There is nothing legitimate that should set the ruling class above us.  That's why I seek further things that can ameliorate this discrepancy.  What do you propose?  To deride their power over us in insults or indifference to the reality of their power over us?  My solution is to remove that power they have by taking it away, indeed, by use of force, through the legal system.  Your solution appears to be: pretend it doesn't exist or downplay it's scope, or to provide Utopian solutions to the problem.  Only one of these solutions has ever effectively done anything positive throughout all of history and HOW to remove this undue, unjust, corrupting power SHOULD be the topic of the conversation.

Historically the ruling class oligarchy has claimed all the things you profess, divine right, genetic superiority was popular during the first half of the 20th century among the ruling elites; an infinite number of scams, frauds and deceptions have occurred to protect the ruling class.  As I've learned more and more about history, economics, civics, moral philosophy, and everything else I can take in to expand my awareness it is becoming clearer and clearer that the majority of things (meme's if you like) in our present culture (and not exclusively popular culture, although it is clearly more prevalent in popular culture) are there largely to support the ruling class.  The majority of what people think is false; and false by what could only be described as the intentional creation of lies by the only people who could benefit in the immediate from said creation of lies: the ruling class.  The examples are more numerous than I have time for here and have chosen to focus specifically upon Libertarianism for my book project. 


I'll keep my politics out of your economics if you keep your economics out of my politics.

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July 12, 2012, 11:26:12 PM
 #45

So I read that part on the NAP by Steven Molyneux.  It was as banal and horrible as I remember his vlogs being.  It didn't do anything to solve any of these problems I have posed regarding the NAP on this and other threads.

I'll keep my politics out of your economics if you keep your economics out of my politics.

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July 12, 2012, 11:54:15 PM
 #46

Fine, I'll read the book then, but if the 'answers' to the questions I have are as vague as the one's you posted above, all I'm going to have is more questions.
Thank you, but I would appreciate a response to the following statement:
If you wish to have a peaceful society, it is universally preferable to not initiate the use of force, much in the same way that if you wish to continue life, it is universally preferable not to ingest a handful of arsenic.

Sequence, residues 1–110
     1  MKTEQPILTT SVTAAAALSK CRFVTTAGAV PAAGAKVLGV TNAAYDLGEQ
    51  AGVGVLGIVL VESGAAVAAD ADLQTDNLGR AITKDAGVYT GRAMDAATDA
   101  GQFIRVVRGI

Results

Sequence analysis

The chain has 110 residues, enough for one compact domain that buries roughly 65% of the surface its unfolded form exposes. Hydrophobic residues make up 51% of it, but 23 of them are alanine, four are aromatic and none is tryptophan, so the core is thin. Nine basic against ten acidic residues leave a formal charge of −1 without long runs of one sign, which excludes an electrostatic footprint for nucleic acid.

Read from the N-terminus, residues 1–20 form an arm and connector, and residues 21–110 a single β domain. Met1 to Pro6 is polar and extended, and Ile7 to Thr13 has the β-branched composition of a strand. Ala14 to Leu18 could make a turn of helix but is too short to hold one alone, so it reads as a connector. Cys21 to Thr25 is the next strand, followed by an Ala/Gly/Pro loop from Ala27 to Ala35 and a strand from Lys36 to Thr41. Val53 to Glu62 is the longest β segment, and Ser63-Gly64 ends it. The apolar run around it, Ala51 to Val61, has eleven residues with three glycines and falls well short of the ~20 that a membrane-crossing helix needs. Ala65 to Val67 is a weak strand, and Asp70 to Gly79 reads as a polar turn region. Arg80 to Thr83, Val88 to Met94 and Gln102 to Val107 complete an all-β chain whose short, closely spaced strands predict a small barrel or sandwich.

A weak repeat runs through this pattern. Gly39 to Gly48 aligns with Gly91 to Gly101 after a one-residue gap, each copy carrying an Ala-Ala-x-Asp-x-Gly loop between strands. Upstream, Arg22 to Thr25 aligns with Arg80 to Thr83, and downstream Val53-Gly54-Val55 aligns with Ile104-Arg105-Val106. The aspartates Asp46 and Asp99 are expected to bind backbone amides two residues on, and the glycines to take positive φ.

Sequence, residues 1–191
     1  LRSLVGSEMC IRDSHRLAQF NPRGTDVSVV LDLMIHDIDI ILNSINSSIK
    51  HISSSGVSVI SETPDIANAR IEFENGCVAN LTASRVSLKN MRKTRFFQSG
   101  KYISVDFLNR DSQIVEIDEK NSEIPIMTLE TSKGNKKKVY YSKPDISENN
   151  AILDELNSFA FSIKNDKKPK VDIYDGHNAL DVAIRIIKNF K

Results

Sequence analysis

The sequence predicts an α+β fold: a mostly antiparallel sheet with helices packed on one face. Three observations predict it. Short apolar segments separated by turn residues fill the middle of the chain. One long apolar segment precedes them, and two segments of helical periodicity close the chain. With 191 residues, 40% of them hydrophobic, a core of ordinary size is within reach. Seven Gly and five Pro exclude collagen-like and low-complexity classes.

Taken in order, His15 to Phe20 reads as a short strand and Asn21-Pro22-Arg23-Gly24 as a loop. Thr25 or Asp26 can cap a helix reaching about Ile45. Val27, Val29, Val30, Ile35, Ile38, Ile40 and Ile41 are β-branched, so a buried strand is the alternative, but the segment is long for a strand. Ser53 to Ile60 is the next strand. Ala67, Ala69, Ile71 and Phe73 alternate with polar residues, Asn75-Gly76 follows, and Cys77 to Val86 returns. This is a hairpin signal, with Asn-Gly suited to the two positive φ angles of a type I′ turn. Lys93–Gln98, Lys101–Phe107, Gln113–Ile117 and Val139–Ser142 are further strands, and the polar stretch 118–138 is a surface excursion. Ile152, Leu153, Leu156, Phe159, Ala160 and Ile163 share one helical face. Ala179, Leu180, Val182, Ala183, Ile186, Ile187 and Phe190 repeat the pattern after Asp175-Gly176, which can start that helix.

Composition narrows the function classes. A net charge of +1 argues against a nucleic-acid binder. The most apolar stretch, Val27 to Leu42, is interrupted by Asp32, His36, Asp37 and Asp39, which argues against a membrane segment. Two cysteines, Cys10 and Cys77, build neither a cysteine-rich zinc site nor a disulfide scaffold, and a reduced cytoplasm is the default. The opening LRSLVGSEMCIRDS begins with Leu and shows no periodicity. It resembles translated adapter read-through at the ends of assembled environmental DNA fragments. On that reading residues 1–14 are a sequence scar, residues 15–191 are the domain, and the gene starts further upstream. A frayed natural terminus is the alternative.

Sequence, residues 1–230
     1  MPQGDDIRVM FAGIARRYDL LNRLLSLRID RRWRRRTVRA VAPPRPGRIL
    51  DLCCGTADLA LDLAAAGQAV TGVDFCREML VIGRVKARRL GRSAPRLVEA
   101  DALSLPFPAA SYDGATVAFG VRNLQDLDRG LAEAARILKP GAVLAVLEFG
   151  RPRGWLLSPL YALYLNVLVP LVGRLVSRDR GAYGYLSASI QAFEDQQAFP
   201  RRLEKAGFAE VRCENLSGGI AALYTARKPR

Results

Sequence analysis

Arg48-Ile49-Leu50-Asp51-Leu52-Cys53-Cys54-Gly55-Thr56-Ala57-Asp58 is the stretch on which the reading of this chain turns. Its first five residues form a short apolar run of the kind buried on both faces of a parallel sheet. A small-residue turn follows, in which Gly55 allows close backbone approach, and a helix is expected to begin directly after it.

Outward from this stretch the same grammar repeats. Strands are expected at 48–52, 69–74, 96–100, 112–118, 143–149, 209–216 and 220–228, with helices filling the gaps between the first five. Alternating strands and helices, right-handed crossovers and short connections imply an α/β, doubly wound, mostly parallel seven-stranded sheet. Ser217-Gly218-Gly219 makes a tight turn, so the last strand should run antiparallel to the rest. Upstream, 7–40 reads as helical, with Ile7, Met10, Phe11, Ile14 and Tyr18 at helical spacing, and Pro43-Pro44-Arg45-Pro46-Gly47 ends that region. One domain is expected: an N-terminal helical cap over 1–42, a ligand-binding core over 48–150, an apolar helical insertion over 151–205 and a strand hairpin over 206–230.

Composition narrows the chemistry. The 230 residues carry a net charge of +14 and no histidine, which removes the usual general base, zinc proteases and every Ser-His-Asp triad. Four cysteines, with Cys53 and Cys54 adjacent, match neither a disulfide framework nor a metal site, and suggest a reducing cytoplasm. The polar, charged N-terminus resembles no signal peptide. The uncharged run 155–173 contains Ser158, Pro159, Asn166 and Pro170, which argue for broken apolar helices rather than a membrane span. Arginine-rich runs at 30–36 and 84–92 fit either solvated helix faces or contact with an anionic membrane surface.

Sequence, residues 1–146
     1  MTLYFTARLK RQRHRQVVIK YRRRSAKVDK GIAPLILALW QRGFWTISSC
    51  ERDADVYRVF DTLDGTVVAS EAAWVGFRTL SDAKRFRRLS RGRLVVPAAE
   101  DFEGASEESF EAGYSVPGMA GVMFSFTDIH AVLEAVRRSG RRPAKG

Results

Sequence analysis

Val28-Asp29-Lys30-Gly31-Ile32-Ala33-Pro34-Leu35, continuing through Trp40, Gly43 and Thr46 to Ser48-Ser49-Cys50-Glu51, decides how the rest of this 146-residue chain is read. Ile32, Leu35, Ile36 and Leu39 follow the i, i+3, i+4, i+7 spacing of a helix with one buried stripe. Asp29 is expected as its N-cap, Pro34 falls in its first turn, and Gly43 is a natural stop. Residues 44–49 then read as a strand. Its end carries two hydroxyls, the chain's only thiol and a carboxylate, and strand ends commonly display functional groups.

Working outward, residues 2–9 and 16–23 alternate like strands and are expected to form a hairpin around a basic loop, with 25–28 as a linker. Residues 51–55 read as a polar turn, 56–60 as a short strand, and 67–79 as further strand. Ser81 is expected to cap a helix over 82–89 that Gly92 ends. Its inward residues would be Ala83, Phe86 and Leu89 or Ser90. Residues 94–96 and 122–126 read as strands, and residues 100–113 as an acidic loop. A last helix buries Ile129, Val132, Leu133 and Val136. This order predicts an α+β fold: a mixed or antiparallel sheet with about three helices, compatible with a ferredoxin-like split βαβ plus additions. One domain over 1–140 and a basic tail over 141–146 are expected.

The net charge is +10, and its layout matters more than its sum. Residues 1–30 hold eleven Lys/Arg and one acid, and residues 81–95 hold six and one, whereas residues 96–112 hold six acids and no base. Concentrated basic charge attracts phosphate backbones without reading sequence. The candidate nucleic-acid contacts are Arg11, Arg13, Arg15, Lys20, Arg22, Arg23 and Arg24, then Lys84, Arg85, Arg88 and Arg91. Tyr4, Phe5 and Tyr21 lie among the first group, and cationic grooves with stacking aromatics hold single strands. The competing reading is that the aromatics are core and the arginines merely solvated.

It raises the question: if you (or any Libertarians out there) would like to 'put their money where their mouth is' then why won't you move to Antarctica or some otherwise deeply remote region where you could 'live in peace' completely alone and alienated?

http://freestateproject.org/

Why does the individual get to unilaterally decide what they wish to follow with regard to the safety, welfare and preservation of the rest of the group?  Isn't it up to the group how they are going to define their own safety, well-being and protection? 

A group does not "decide" anything. Individuals decide things. the closest a group comes to making a decision is taking a vote. That is, each individual makes a decision, and lets that decision be known to the rest of the group. Unless this vote is unanimous, any acting on that vote represents the majority of that group forcing their decision upon the minority. Why does the majority get to unilaterally decide anything for the minority?

The individual making a decision to speed, or not wear a seatbelt, or smoke a cigarette, is taking a risk. If that risk harms someone else, they are liable for recompense, also known as restitution.

So many fallacies and implicit arguments here that it is a little overwhelming.

*  The fallacy of cynicism:  The fact that they don't pay taxes presently due to the system that they corrupted means what exactly?  That they could never be taxed (ignoring all history to the contrary)?

Any system by which we attempted to tax them would be corrupted. If they've done it once, they'll do it again.


*  The misconception of taxation:  It appears you are putting forth the tired "tax is theft" argument.

Is it anything else?